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company and attend public places, but always attended by a friend whom they could trust, and who, at the same time, should not be disagreeable to the wife. This compromise could not fail of being acceptable to the women, who plainly perceived that they must be gainers by any alteration of the former system ; and it soon became universal all over Italy, for the women to appear at public places leaning upon the arm of a man; who, from their frequently whispering together, was called her Cicisbeo. It was stipulated, at the same time, that the lady, while abroad under

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his cáre, should converse with no other man but in his presence, and with his approbation : he was to be her

guardian, her friend, and gentleman-usher.

The custom at present is, that this obsequious gentleman visits the lady every forenoon at the toilet, where the plan for passing the evening is agreed upon ; he disappears before dinner, for it is usual all over Italy for the husband and wife to dine together tête-à-tête, except on great occasions, as when there is a public feast. After dinner the husband retires, and the Cicisbeo returns and conducts the Jady to the public walk, conversazione, or the opera ; he hands her about wherever she goes, presents her coffee, sorts her cards, and attends with the most pointed assiduity till the amusements of the evening are over; he accompanies her home, and delivers up his charge to the husband, who is then supposed to resume his functions.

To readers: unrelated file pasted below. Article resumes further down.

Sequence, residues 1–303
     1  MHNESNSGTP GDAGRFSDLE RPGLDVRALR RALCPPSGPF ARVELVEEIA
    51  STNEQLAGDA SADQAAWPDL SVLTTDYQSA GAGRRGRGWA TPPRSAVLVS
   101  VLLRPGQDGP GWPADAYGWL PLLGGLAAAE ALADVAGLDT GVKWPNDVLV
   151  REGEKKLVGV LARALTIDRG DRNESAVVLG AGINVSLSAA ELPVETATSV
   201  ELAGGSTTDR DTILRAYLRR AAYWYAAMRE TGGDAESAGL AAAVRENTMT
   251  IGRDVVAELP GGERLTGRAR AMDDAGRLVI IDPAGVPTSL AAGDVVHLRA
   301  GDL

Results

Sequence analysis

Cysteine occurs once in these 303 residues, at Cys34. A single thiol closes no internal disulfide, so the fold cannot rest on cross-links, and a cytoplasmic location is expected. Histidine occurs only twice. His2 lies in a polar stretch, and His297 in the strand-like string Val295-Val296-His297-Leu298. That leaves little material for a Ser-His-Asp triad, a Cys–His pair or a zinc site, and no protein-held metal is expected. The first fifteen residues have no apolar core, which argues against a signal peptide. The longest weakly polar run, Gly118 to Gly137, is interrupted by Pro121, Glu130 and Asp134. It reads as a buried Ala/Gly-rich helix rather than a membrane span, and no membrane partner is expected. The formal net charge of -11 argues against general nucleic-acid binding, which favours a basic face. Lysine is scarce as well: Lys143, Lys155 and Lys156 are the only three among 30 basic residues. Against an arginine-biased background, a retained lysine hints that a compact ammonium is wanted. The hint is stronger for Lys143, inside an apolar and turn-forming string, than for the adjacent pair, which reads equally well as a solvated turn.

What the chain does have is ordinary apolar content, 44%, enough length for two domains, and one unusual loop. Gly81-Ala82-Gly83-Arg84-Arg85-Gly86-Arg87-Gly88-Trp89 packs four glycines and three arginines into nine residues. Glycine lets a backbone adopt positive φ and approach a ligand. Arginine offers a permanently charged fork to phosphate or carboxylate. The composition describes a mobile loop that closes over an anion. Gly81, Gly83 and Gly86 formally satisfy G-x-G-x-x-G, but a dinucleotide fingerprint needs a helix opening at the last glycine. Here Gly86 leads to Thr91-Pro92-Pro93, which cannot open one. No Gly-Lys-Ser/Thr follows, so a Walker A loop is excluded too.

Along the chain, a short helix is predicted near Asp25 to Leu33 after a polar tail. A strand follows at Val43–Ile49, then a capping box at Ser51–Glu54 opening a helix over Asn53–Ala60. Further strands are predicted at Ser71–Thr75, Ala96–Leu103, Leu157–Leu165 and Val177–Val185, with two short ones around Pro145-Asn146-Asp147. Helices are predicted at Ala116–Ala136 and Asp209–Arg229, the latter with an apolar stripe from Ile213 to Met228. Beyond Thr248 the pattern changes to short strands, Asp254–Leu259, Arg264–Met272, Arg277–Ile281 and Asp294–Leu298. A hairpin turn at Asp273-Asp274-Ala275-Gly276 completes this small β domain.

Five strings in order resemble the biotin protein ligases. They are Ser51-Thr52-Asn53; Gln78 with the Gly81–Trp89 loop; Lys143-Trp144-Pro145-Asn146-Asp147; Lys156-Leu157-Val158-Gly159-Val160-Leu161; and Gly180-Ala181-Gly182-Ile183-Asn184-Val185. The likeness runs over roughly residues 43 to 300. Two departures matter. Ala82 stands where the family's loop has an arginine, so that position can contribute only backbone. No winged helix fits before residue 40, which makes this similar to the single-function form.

From the nature of this connection, it could not be an easy matter to find a Cicisbeo who would be equally agreeable to the husband and wife. At the beginning of the institution, the husbands, as I have been informed, preferred the Platonic swains, who professed only the metaphy, sics of love, and whose lectures, they imagined, might refine their wives ideas, and bring them to the same way of thinking; in many instances, no doubt, it would happen, that the Platonic admirer acted with less seraphic ends ; but these instances serve only as proofs that the husbands were mistaken in their men ; for however absurd it may appear in the eyes of some people, to imagine that the husbands believe it is only a Platonic connexion which subsists between their wives and the Cicisbeos ; it is still more absurd to believe, as some strangers who have passed through this country seem to have done, that this whole system of Cicisbeism was from the beginning, and is now, an universal system of adultery connived at by every Italian husband. To get clear of one difficulty, those gentlemen fall into another much more inexplicable ; by supposing that the men, who of all the inhabitants of Europe were the most scrupulous with regard to their wives chastity,

should acquiesce in, and in a manner become subservient to, their prostitution. In support of this strange doctrine, they assert, that the husbands being the Cicisbeos of os ther women, cannot enjoy this privilege on any other terms; and are therefore contented to sacrifice their wives for the sake of their mistresses. That some individuals may be profligate enough to act in this manner, I make no doubt.